Engineers removed 2 tons of stonework from the pinnacle of the Washington National Cathedral Thursday morning.
The removed stonework had been damaged in the 5.8-magnitude earthquake that struck Washington, D.C. this past August.
Church officials explained that removing the stonework would enable the pinnacles and central tower to be more secure, until the stonework can be repaired, the Associated Press reported.
Three of the four pinnacles on the central tower of the Cathedral were severely damaged and the building suffered major cracks as well. Portions of the pinnacles fell during the earthquake and crashed into the cathedral roof.
Joseph Alonso, the cathedral’s head stone mason, said that he has been working to remove loose stones to make the cathedral safe, according to AP.
He said, “Now we’re deconstructing, and then we have to construct (the cathedral) again.”
Restoration costs for the earthquake-damaged landmark exceed tens of millions of dollars and the cathedral also suffered damage from Hurricane Irene flooding.
Cathedral officials said in a statement earlier in the month that the cathedral would continue an aggressive fundraising campaign to raise money to cover the costs.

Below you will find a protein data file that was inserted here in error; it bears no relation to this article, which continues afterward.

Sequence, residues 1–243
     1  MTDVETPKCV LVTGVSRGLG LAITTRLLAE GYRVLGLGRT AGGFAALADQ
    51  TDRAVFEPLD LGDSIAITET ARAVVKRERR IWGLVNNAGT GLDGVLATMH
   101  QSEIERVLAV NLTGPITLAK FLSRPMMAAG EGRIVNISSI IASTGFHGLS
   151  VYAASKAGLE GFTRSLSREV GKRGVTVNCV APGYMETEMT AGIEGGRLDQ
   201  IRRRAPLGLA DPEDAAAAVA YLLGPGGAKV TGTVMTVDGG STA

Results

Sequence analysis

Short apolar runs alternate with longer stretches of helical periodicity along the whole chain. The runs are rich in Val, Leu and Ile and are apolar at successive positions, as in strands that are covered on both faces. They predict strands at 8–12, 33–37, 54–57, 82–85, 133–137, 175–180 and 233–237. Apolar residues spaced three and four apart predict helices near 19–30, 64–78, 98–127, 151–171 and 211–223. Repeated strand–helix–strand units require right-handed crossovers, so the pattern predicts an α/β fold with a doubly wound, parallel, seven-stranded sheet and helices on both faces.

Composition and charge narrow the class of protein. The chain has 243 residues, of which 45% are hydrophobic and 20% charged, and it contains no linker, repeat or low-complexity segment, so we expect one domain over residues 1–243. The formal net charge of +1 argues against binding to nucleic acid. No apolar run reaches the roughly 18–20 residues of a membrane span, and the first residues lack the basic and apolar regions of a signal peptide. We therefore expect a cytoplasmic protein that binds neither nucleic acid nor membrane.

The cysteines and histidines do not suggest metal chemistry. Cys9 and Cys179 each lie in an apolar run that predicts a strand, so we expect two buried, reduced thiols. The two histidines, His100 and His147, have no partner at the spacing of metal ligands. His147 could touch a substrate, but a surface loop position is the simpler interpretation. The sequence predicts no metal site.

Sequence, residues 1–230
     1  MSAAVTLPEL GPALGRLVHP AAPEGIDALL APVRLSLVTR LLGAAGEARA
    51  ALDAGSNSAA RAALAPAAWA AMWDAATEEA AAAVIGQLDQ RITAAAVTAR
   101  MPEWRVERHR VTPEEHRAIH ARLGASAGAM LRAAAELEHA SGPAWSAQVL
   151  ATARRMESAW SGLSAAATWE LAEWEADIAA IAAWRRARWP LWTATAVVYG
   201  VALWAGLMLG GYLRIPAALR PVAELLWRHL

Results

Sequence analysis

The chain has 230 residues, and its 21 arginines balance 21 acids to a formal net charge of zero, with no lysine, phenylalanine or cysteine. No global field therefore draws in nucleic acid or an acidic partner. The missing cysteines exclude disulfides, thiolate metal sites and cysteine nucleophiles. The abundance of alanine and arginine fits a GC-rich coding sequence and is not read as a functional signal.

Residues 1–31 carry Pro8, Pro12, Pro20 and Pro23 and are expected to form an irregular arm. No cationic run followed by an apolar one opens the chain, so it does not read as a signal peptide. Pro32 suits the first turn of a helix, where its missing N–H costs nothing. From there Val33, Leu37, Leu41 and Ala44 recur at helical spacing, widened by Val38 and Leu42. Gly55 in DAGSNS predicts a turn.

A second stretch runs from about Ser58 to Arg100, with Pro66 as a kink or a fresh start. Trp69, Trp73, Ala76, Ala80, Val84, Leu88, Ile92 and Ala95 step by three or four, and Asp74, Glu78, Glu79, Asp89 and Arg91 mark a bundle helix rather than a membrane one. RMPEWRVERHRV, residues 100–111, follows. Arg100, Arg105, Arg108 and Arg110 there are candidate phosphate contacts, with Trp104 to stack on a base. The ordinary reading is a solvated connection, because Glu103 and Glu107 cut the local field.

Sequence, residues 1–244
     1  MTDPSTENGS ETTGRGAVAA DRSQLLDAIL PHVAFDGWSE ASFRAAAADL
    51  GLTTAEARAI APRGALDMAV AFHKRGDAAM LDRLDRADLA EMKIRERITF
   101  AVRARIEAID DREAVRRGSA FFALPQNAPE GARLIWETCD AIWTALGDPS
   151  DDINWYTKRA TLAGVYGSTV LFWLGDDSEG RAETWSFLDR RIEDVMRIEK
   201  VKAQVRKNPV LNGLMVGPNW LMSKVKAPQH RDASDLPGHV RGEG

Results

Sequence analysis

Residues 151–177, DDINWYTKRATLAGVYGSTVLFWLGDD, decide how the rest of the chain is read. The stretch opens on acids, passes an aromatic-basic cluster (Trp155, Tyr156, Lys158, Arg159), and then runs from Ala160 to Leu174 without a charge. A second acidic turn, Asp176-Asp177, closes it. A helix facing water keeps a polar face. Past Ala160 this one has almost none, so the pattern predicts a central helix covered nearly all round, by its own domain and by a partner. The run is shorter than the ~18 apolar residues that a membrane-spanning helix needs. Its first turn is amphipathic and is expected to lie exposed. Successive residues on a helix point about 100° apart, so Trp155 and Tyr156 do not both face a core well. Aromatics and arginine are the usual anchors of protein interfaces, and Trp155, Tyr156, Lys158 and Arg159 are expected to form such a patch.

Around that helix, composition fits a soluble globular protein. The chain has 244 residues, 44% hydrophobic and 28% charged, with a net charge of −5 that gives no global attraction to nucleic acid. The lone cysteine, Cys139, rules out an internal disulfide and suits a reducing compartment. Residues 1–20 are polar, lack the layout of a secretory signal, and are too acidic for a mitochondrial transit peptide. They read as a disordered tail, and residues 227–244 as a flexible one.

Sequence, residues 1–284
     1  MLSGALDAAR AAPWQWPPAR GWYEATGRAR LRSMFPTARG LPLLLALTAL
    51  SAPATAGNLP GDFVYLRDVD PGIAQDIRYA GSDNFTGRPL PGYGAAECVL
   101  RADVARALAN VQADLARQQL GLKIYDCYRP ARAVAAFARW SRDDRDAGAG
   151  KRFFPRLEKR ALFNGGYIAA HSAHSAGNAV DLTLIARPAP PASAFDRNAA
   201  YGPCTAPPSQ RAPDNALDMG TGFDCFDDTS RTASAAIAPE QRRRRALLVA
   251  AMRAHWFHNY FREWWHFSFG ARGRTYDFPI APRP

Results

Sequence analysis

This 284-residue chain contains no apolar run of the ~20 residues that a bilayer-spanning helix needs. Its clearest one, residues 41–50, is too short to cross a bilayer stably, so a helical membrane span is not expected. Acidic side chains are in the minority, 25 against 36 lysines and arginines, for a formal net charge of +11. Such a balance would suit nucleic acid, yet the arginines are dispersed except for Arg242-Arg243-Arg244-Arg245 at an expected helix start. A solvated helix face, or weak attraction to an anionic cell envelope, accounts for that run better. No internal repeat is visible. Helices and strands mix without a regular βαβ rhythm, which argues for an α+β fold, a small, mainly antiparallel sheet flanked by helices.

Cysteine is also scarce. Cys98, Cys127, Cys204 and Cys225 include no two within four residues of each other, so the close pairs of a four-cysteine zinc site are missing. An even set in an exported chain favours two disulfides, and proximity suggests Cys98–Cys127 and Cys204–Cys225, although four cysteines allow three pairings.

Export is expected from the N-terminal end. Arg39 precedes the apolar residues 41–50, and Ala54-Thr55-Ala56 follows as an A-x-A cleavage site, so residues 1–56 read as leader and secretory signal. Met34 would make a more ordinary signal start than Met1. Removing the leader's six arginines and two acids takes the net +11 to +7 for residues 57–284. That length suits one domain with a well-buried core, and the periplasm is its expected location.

Officials hope to raise $25 million to “offset the costs of the early restoration work and to help support its operations through the end of 2012.”
The cathedral had planned on reopening its doors for a three-day commemoration event for the 10th anniversary of the 9/11 attacks.
However, the collapse of a massive crane stalled the opening and the cathedral is expected to now reopen on Nov. 12.
The Washington National Cathedral is officially named the Cathedral Church of Saint Peter and Saint Paul. The cathedral is designed in the neo-gothic tradition and is part of the Episcopal Church. It is the second largest cathedral in the United States and the sixth largest in the world. Construction for the cathedral began in 1907 and took 83 years to complete.
Congress has designated the Washington National Cathedral as the “National House of Prayer.”